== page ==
By the time we entered college, I was imprinted romantically on someone else, but Joey still held a special place in my heart, and we continued to keep in touch in small and infrequent but very important to me doses.  His field reports were always upbeat even as mine were increasingly self aware about the fact that I lacked the spark of genius which is needed to become more than a garden variety physicist, about the realities of working my way through Penn, and about my struggles to re-imagine my future.  There were no social media to enable easy, quick, cost free interactions; every exchange took time to write a note, stamp and mail it and then a lot more time to reach its destination and even more time before you could expect a response, by which time the moment had so moved on that you didn’t even remember what you had written in the first place.  Needless to say, neither of us had the money for many now much longer distance phone calls.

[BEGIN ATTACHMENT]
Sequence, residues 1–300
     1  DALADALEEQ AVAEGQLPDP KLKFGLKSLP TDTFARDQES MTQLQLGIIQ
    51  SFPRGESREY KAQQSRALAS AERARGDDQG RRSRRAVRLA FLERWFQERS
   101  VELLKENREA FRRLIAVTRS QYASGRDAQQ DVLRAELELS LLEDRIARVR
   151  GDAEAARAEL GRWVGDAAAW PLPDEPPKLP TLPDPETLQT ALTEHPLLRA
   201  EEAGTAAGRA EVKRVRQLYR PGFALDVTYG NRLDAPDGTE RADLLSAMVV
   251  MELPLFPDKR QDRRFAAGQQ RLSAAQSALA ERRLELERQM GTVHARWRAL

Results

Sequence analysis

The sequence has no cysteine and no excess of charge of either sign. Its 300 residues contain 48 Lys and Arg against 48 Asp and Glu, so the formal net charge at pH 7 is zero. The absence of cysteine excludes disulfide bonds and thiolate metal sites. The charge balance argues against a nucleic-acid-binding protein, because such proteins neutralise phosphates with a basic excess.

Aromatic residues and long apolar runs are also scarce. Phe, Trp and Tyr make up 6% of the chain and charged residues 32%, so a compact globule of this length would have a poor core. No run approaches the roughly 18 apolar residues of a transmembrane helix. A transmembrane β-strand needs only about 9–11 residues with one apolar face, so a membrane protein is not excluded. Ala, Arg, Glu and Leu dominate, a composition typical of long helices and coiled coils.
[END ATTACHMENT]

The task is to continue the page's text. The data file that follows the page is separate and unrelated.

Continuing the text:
Once I got to Penn, I rarely went home except for very short vacations.  I often stayed at Penn in the summer, e.g. after my freshman year I worked at the post office on the night shift, took some classes and ran my typing service.  If truth be told, going home to the problems I had left behind wasn’t an attractive option, and I really needed to make as much money as possible each summer to pay my expenses for the next year.  I don’t remember how Joey spent his summers; our communications had become fewer and further between as my life, especially my romantic life, had become more complicated.  But one note I received should have given me pause, should have alerted me that something was very wrong, but it didn’t.  Everyone’s surprise at Anthony Bourdain’s suicide mirrors my own disbelief over Joey’s suicide — and it shouldn’t have because I shouldn’t have been surprised.